My best friend in elementary school had divorced parents. She visited her Dad every other weekend. Like Sally, Jessica lived in a dark house with her sullen Mom and distant step-Dad through the week and visited her Dad and step-Mom’s bright, clean home on weekends. Her step-Mom was younger, too, at least she seemed so, and she always had sugar cereal and pop. Her Mom’s house seemed to only ever have hot-dogs that Jessica would eat cold as a snack after school.
Sometimes I would stay the weekend at Jessica’s Dad’s house with her. The bedroom that she shared with her sister was clean and sparse, like a hotel. It had matching twin beds and pretty blue coverlets and sheets decorated with butterflies with a pale blue blanket tucked between the sheet and coverlet. The sheets were terribly scratchy and worn though, and I would always sleep on the top sheet.
I remember reading about Elizabeth Wakefield breaking up with Jeffrey while lying in that bed one Saturday night. I remember us watching Debbie Gibson’s Foolish Beat video late one night on MTV and agreeing to love Debbie, even though we had once sworn to devote ourselves solely to Tiffany. I remember catching Jessica’s sister kissing her boyfriend by his truck outside; he saw us peeking and waggled his finger at us without breaking the kiss. We ducked under the window and giggled manically. Jessica’s father would watch race car driving on Sundays and would periodically remind us not to drink the soda out of his glass because it was “grown-up pop”. My parents didn’t drink and I had no idea what that meant, only that his rum-laced drink smelled sweet and inviting.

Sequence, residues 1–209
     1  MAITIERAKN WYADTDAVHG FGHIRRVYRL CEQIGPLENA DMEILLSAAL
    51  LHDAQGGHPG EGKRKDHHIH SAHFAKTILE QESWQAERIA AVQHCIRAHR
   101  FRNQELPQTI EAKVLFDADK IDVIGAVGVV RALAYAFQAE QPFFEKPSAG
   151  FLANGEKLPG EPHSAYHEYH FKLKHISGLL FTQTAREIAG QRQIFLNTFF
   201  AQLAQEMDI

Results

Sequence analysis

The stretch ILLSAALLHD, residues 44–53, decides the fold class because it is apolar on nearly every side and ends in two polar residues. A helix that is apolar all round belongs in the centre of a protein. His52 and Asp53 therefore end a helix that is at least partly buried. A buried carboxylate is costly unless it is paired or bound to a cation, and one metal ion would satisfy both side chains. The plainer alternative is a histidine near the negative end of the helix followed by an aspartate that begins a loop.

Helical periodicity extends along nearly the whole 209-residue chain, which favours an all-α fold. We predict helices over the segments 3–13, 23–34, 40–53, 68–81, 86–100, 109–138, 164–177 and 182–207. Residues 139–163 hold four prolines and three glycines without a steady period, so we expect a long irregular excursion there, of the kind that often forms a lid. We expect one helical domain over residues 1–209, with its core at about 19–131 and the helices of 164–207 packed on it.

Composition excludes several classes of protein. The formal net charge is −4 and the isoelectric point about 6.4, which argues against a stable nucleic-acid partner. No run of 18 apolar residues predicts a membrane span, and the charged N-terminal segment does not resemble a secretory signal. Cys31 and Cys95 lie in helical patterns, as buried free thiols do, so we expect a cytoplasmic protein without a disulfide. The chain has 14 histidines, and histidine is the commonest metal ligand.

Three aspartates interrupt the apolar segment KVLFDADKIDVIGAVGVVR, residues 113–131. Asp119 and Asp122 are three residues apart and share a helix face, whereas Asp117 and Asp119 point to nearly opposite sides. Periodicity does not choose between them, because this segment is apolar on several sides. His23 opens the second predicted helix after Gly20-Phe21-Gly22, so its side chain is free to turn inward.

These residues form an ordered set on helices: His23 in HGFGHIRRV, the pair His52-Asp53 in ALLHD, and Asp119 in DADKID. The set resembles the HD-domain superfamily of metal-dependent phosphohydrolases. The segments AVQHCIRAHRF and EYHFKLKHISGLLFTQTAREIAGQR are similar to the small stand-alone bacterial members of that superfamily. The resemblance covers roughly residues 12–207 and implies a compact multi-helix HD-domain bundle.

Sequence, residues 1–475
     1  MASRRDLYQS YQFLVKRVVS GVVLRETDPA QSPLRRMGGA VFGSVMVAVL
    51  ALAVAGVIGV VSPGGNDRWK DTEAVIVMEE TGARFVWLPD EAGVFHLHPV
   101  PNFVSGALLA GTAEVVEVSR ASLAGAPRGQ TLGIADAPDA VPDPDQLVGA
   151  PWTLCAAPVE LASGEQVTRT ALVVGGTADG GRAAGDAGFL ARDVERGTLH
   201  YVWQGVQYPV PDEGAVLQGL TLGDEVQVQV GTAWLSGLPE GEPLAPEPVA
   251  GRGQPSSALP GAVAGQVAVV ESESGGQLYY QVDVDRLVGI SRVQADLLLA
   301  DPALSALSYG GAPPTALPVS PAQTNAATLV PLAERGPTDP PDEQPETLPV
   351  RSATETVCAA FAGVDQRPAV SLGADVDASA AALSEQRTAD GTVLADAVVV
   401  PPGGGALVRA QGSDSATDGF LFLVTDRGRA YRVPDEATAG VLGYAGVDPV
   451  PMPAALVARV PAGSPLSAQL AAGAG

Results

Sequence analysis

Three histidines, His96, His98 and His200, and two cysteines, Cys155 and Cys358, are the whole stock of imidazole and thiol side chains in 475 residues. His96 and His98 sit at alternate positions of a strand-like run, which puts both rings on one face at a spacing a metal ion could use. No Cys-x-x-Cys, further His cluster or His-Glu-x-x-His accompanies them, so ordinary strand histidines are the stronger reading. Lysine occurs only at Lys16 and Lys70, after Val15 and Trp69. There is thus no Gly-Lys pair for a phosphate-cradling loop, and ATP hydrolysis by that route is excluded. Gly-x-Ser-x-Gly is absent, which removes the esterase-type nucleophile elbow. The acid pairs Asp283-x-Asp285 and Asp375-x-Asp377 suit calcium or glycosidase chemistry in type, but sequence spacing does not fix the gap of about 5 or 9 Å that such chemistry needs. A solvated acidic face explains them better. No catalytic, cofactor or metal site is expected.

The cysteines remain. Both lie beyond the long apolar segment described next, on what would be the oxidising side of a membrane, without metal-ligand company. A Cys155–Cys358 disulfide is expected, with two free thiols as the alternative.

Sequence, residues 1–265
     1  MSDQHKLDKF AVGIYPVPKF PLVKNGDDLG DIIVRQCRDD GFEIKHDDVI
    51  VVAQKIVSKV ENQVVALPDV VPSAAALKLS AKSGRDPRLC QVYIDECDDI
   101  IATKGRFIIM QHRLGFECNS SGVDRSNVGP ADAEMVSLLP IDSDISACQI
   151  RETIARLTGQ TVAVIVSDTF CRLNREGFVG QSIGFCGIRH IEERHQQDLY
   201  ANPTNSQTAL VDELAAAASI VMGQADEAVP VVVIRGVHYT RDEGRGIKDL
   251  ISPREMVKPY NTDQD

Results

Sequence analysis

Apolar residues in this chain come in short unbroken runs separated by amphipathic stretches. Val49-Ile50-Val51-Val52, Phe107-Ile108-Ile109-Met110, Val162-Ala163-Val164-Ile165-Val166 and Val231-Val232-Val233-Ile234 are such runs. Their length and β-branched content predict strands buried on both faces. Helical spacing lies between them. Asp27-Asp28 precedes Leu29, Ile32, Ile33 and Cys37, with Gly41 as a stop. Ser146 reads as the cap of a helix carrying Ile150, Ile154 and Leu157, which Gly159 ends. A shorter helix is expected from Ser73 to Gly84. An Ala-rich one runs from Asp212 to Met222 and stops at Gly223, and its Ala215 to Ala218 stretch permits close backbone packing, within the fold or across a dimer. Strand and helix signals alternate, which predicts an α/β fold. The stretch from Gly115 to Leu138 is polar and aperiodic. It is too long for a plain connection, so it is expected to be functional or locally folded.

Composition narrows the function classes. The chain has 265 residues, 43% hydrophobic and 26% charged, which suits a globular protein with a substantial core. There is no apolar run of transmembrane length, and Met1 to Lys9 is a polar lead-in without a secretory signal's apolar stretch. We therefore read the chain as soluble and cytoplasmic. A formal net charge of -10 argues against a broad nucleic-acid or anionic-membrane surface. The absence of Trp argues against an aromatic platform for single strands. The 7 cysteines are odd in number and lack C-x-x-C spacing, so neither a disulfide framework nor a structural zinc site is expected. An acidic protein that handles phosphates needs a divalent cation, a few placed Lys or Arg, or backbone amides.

I have no memory of whether or not Jessica’s step-Mom and Dad were good parents. All I recall is their novelty. He worked with tractors and let me drive one once. I almost crashed it, and the dreamy boy that worked for him helped me control the machine. The place he worked at had a coke machine, a candy machine and an old fashioned coffee/hot cocoa machine; one that dispensed the drink in a paper cup that the employees would keep encased in a brown plastic cover. In the neon bright 80s and early 90s everything that was brown, orange or green seemed old fashioned. I can’t remember if he owned the building I attempted to drive the tractor into or just worked there. I know he had an office. They lived on the outskirts of town, which meant they had more money than us. They had an extremely old cat that I adored. I think her step-Mom’s name was Kim? I’m not sure. All I’m sure of is how much fun I had on those butterfly sheets, pretending like Jessica and I were on vacation together, watching cable TV, reading important Sweet Valley moments and catching teenagers kissing.